Software-as-a-Service, or SaaS, is an alternative software delivery model. SaaS is a one-size-fits-all solution to a wide range of issues. SaaS applications may meet the needs of both B2B (business to business) and B2C (business to consumer) companies due to their flexible architecture. In most cases, SaaS platforms can grow with a business as it gains more clients, staff, and revenue.

Some SaaS examples include Google Workspace, BigCommerce, Trello, and many others. As SaaS grows more popular and profitable, some on-premise companies, such as Adobe, have transitioned to SaaS. As a result, the service can effectively remain nearly the same while the business model changes.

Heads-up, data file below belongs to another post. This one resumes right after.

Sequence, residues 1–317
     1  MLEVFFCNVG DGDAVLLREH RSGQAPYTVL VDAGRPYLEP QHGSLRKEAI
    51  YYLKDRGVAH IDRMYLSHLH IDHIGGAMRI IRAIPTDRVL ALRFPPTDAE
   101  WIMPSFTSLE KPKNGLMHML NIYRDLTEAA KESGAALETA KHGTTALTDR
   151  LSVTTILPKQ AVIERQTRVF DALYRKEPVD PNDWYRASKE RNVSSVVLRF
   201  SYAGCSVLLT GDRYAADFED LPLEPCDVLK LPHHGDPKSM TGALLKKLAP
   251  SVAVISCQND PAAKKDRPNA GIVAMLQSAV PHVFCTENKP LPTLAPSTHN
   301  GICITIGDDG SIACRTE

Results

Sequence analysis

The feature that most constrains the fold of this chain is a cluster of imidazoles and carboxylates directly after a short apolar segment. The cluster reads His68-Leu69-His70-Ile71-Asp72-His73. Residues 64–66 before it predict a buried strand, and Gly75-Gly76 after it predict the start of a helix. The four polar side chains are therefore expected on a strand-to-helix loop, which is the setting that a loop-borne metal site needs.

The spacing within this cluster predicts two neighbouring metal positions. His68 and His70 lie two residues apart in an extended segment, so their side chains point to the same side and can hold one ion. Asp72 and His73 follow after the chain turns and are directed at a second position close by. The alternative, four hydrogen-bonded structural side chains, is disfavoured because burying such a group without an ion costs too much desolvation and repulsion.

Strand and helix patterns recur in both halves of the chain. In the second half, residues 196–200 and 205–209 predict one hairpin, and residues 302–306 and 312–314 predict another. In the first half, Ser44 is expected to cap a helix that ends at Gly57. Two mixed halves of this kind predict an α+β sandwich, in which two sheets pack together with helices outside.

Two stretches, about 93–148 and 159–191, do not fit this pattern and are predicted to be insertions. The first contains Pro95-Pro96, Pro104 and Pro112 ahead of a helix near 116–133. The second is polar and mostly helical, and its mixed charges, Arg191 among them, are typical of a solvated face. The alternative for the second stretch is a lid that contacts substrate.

“The SaaS market is estimated to exceed $170 billion by the end of 2022.”

Compared to traditional licensed software, SaaS is scalable, secure, and cost-effective - especially for small businesses. The reason for that is the subscription-based business model of SaaS. Traditional software delivery systems demand significant initial investments, whereas SaaS offers monthly or yearly subscription rates that rarely approach five figures at the high end.

Another popular selling point for businesses is that the responsibility of software upkeep is typically entirely on the SaaS developer. They are responsible for the security of the software, connectivity, pushing updates out, hardware maintenance, and (most importantly) the software quality. In addition, SaaS is a highly competitive market, so if the quality drops, a client can switch to a competitor’s platform extremely easily (primarily because of subscription-based payment models).